St Vincent 1869

St Vincent 1869

ST. VINCENT, ship : On the evening of February 14, 1869, the ship was totally wrecked in Palliser Bay, with the loss of 20 lives, the chief officer and Swedish sailmaker being the only survivors. The St. Vincent, which was described as one of the finest ships that had ever entered Wellington Harbour, arrived there on January 1, 1869, after a tedious voyage of 120 days from Cardiff, with the coal for the Panama Company. Having discharged her cargo, the ship sailed on February 13 for Lyttelton to load there with wool. At noon on the following day, when the ship was off Cape Campbell, it commenced to blow heavily from the south-east, and the St. Vincent was ultimately blown into the bay, where she struck about 10 p.m. The wreck occurred a little to the north of Cape Turakirae, on the Mokomoko Rocks.

The chief officer, Mr. J. Stringer, in giving his account of the wreck, stated that the ship sailed from Wellington, in ballast, at 3.30 p.m. on February 13, and encountered a moderate wind from the north-west, the weather being hazy and threatening. The ship was 17 miles from Cape Campbell light when it fell calm, with heavy rain. An hour later the wind came up strong from the southward. The St. Vincent was then put on the starboard tack, standing to the east, and continued so until the evening of February 14. At 4 p.m. the weather was thick and still raining, and the wind had increased to a strong gale. The ship was under two lower-topsails. No land was seen after losing sight of Cape Campbell until 4 p.m., when land was seen on the lee bow. It was discovered to be Cape Palliser, which placed the vessel in Palliser Bay. The vessel was immediately worn round and stood to the westward in the hope of weathering the point and running into Wellington. About 9 p.m. the wind suddenly dropped, but the heavy sea rolling into the bay prevented the ship being kept to the wind, and she kept falling to leeward. At 10 p.m. breakers were seen close under the lee bow. With the wind light, and not answering her helm, she was thrown all aback. Both anchors were dropped, but at about 10.30 p.m. she struck heavily aft. The St. Vincent was then struck by a heavy sea, which threw her almost on her beam ends, smashed the lifeboats to pieces, and carried away the boatswain, who was not seen again. The cables parted about this time, and the vessel went broadside on to the rocks, the seas throwing her completely on her beam ends. The captain ordered the crew aft to save their lives. Some crawled into the main-chains and some into the mizzen-chains on the port side. An enormous sea then struck the St. Vincent and gutted her completely, carrying away masts, decks and everything but the hull at one sweep, leaving but the shell of the ship.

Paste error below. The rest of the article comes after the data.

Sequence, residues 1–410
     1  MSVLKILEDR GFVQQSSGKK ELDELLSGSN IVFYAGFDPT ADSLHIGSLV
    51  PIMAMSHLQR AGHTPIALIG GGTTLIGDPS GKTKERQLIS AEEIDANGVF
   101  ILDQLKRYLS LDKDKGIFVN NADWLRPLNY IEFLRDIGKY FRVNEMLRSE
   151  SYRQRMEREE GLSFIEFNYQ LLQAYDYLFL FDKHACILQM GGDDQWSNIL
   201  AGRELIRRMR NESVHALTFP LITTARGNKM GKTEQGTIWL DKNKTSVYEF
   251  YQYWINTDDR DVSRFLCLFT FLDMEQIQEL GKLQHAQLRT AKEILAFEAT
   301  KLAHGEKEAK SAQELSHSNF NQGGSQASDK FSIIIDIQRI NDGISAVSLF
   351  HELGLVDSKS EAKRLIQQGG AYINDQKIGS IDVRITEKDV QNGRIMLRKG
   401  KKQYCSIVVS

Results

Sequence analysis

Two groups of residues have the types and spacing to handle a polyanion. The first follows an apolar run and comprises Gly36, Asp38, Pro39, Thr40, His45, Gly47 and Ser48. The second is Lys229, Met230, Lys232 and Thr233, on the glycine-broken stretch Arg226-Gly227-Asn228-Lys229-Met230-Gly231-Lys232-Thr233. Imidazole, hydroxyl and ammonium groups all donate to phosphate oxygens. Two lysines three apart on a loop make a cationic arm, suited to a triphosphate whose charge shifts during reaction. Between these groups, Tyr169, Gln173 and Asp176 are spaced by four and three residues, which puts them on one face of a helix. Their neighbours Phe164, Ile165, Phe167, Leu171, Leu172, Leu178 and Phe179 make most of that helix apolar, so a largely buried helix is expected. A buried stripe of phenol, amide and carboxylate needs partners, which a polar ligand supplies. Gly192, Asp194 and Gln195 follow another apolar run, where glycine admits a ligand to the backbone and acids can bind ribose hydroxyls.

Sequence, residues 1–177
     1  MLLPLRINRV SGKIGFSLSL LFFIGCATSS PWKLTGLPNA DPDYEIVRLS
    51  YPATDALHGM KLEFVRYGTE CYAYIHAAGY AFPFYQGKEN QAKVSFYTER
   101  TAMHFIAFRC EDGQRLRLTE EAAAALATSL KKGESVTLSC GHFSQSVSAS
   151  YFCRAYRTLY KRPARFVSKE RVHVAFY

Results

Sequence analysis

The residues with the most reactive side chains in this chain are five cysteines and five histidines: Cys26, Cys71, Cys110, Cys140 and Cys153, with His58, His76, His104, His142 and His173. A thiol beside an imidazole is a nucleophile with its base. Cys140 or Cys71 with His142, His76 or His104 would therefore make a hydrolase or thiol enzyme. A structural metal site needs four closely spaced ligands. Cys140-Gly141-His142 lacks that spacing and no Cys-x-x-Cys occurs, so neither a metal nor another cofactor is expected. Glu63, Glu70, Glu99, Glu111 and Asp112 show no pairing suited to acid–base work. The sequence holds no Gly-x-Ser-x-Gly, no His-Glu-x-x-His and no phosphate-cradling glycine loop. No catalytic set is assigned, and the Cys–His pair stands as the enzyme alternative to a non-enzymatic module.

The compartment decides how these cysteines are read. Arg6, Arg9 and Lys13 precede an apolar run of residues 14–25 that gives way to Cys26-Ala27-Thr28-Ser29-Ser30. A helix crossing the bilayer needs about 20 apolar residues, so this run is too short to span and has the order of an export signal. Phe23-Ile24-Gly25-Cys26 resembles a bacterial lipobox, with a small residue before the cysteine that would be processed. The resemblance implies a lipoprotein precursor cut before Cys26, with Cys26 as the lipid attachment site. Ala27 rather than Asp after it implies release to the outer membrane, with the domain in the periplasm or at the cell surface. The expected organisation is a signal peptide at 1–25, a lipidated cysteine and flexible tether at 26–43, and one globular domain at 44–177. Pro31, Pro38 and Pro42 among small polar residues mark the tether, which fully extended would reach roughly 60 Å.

The crew hung on in the mizzen-chains and huddled together for warmth. They remained in this precarious position until 3 a.m., when the chief officer was washed away. He was in the water for some time, but eventually reached the shore in an unconscious condition. After he regained consciousness he saw part of the hull about 100 yards from the shore. He thought all hands but himself had perished, and started out for the lighthouse. On his way he came to a shepherd’s hut, and there found the sailmaker. The chief officer, afterwards returned to the wreck and

discovered the bodies of a seaman and the only passenger on board. Later seven more bodies were recovered, but were so disfigured by the buffeting they had received in the surf and against the rocks that only four, those of the captain, the passenger, the second officer and the cabin boy, were identified out of the nine recovered.

The St. Vincent, No. 50,367, was a fullrigged ship of 834 tons register, built at Sunderland in 1863. She was owned by Messrs. Potter, Wilson and Company, and was under the command of Captain James Barron. The chief officer, Mr. Stringer, was formerly chief officer of the Chile.

The Court of Inquiry into the loss of the St. Vincent was held at Wellington on February 23. The court found that the ship was lost through an error of judgement on the part of the master in not running the ship into Cloudy Bay or back to Wellington. The chief officer stated that he offered to pilot the vessel into Cloudy Bay, but Captain Barron would not allow him to do so.

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